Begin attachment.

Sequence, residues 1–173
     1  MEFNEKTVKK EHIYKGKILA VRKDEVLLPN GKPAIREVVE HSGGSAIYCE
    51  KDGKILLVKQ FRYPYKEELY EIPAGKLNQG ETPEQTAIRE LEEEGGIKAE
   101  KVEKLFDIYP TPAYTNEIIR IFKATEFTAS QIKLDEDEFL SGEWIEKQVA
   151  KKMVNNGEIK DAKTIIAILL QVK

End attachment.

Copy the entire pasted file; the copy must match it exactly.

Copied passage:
Sequence, residues 1–173
     1  MEFNEKTVKK EHIYKGKILA VRKDEVLLPN GKPAIREVVE HSGGSAIYCE
    51  KDGKILLVKQ FRYPYKEELY EIPAGKLNQG ETPEQTAIRE LEEEGGIKAE
   101  KVEKLFDIYP TPAYTNEIIR IFKATEFTAS QIKLDEDEFL SGEWIEKQVA
   151  KKMVNNGEIK DAKTIIAILL QVK